Beal was a friend of Paynter, while Murray was a West Ham trialist and played football at schoolboy level with a number of West Ham players such as Jim Barrett. Through this contrivance of association the club's fans took it upon themselves to begin singing the popular music hall tune before home games, sometimes reinforced by the presence of a house band requested to play the refrain by Charlie Paynter.[4]

As a tribute to West Ham United, the punk rock band the Cockney Rejects covered the song in 1980. The song is also heard in the movie Green Street Hooligans and at the end of episode 3.6 of Ashes to Ashes which took place in 1983 and featured the death of a West Ham United supporter.[citation needed]

In 2006 at the final match at Arsenal F.C.'s Highbury stadium, Arsenal supporters broke into song to celebrate West Ham's defeat of Tottenham which secured Arsenal's spot in the UEFA Champions League on the last day. Similarly, Blackburn Rovers were heard singing 'Bubbles' in their dressing room after West Ham assisted them winning the Premiership in 1995 having held Manchester United to a 1-1 draw on the final day of the Premier League season, led by Tony Gale (an eleven-year West Ham veteran who had moved to Blackburn earlier in the season).[citation needed]

On May 16, 1999, prior to a home game against Middlesbrough, 23,680 fans in the Boleyn Ground blew bubbles for a minute, setting a new world record.[5] At the Olympic Stadium, London on 27 July 2012, as part of the 2012 Summer Olympics opening ceremony, I'm Forever Blowing Bubbles was used as part of the soundtrack to the event.[6]

Ice hockey connection[edit]

In Norway, the song is known as the club anthem of Sparta Warriors, a Sarpsborg-based ice hockey club. The Norwegian version, rewritten and performed by Kai Robert Johansen, is titled "Blå Bobler" (Blue Bubbles).

Lyrics[edit]

The original lyrics (as per the first publication) [1]

Verse 1[edit]

I'm dreaming dreams,
I'm scheming schemes,
I'm building castles high.
They're born anew,
Their days are few,
Just like a sweet butterfly.
And as the daylight is dawning,
They come again in the morning.

Chorus[edit]

I'm forever blowing bubbles,
Pretty bubbles in the air,
They fly so high,
Nearly reach the sky,
Then like my dreams,
They fade and die.
Fortune's always hiding,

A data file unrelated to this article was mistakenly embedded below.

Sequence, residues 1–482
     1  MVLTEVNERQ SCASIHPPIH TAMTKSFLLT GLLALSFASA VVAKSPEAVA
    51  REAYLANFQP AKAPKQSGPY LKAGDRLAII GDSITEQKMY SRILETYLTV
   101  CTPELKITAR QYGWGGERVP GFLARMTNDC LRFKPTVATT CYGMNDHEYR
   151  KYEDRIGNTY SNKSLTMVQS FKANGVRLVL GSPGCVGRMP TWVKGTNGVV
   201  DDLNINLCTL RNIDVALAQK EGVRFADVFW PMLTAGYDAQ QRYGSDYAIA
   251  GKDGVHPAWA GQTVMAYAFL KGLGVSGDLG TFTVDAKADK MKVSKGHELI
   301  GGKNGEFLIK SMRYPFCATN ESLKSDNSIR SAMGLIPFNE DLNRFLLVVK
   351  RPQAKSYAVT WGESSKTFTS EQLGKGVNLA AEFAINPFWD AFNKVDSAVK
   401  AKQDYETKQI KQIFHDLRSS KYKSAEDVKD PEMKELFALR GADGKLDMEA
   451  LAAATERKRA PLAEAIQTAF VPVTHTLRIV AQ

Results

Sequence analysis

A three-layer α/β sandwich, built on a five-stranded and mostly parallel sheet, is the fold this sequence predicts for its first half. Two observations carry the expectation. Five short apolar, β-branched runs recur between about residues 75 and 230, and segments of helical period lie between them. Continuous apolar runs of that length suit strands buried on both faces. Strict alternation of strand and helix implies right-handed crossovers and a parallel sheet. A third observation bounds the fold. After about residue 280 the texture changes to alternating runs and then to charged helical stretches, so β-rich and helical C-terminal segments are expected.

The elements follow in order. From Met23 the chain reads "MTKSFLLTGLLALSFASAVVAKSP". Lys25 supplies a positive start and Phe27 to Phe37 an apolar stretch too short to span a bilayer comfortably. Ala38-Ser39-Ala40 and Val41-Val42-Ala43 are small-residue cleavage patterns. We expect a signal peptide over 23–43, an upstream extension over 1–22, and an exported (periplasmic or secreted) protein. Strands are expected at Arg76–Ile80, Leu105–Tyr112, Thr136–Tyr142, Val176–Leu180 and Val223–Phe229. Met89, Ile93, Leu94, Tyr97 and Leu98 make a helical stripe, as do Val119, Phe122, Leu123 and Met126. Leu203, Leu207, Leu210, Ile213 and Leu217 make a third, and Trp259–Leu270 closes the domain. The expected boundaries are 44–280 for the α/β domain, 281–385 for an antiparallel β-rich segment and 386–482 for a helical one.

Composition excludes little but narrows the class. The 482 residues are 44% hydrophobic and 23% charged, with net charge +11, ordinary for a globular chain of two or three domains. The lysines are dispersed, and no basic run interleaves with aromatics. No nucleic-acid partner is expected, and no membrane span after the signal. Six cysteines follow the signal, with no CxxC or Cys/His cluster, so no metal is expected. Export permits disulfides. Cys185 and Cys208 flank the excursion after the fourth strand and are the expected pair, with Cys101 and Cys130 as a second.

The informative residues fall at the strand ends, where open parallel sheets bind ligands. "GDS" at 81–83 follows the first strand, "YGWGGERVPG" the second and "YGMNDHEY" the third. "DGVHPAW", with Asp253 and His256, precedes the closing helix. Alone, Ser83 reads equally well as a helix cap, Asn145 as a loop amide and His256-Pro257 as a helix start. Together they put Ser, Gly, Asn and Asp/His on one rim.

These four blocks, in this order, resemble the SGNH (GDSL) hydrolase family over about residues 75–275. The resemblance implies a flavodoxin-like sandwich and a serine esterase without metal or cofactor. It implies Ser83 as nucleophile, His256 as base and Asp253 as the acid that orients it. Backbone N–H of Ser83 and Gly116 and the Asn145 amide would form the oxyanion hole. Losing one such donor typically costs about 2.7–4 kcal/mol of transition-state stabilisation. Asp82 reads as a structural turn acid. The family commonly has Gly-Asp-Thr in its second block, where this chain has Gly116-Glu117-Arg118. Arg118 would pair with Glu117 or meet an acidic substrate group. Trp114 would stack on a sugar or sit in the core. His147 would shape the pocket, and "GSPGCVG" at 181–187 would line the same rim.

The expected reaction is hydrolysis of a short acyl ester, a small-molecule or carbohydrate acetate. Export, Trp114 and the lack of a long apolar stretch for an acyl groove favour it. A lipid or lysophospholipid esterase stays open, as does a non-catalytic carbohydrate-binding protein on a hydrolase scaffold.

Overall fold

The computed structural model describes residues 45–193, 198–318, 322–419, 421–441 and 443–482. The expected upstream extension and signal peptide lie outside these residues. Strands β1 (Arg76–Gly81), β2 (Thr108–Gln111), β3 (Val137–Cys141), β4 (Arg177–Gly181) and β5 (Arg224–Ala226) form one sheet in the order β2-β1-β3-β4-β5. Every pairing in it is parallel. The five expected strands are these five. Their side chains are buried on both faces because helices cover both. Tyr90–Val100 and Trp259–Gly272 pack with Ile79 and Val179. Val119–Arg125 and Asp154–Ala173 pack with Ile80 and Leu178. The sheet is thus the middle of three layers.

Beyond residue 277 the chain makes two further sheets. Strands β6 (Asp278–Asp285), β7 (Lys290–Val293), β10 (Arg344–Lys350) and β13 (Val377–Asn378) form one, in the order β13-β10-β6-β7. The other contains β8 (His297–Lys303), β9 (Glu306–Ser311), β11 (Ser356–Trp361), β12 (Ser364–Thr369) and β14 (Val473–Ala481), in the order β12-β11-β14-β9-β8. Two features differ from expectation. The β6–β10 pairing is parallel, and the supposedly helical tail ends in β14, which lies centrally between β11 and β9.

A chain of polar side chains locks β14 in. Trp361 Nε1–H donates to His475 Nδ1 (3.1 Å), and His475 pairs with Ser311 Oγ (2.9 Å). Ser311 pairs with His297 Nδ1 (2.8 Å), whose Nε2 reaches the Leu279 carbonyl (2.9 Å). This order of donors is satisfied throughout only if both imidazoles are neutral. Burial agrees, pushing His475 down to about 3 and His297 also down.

I've looked everywhere,
I'm forever blowing bubbles,
Pretty bubbles in the air.

Verse 2[edit]

When shadows creep,
When I'm asleep,
To lands of hope I stray.
Then at daybreak,
When I awake,
My bluebird flutters away.
Happiness new seemed so near me,
Happiness come forth and heal me.

Chorus[edit]

I'm forever blowing bubbles,
Pretty bubbles in the air.
They fly so high,
Nearly reach the sky,
Then like my dreams,
They fade and die.
Fortune's always hiding,
I've looked everywhere,
I'm forever blowing bubbles,
Pretty bubbles in the air.

Notable recordings[edit]

Notable recordings of the song include:

  • Ben Selvin & his Novelty Orchestra
    • Victor 18603 (matrix: 22966-6)
    • Recorded July 31, 1919
  • Frank Fontaine (as Crazy Guggenheim on The Jackie Gleason Show/CBS-TV;'Songs I Sing on the Jackie Gleason Show' - Track 2)

Singles chart success[edit]

"I'm Forever Blowing Bubbles"
Single by Cockney Rejects
B-side West Side Boys
Released 1980
Genre Punk
Length 3:32
Label EMI Records (UK)
Writer(s) John Kellette, James Kendis, James Brockman, Nat Vincent
Producer(s) Chris Briggs
Cockney Rejects singles chronology
"The Greatest Cockney Rip Off"
(1980)
"'I'm Forever Blowing Bubbles'"
(1980)
"We Can Do Anything"
(1980)

Versions of the song have charted in the UK Singles Chart on two occasions, both coinciding with an FA Cup Final appearance by West Ham United. On 10 May 1975 a version recorded by the West Ham 1975 FA Cup Final squad entered the chart at number 31,[7] only staying in the top 40 for one week. For the 1980 FA Cup Final appearance the Cockney Rejects version of the song entered the charts at number 35 on 31 May 1980,[8] again only staying in the top 40 for the one week.

References[edit]

  1. ^ "Entry for Ring Lardner at the Baseball Library". Baseballlibrary.com. Retrieved 2011-08-14. 
  2. ^ Sweet and Lowdown (1999) - IMDb
  3. ^ "IMDbPro". Pro.imdb.com. Retrieved 2011-08-14. 
  4. ^ a b John Helliar. "The Story of Bubbles". West Ham United. 
  5. ^ "World Bubble Records". Bubbleblowers.com. Retrieved 2011-08-14. 
  6. ^ "West Ham United statement". www.whufc.com. Retrieved 28 July 2012. 
  7. ^ "UK Singles Chart 10th May 1975". Theofficialcharts.com. 1975-05-10. Retrieved 2011-08-14. 
  8. ^ "UK Singles Chart 31st May 1980". Theofficialcharts.com. 1980-05-31. Retrieved 2011-08-14. 

External links[edit]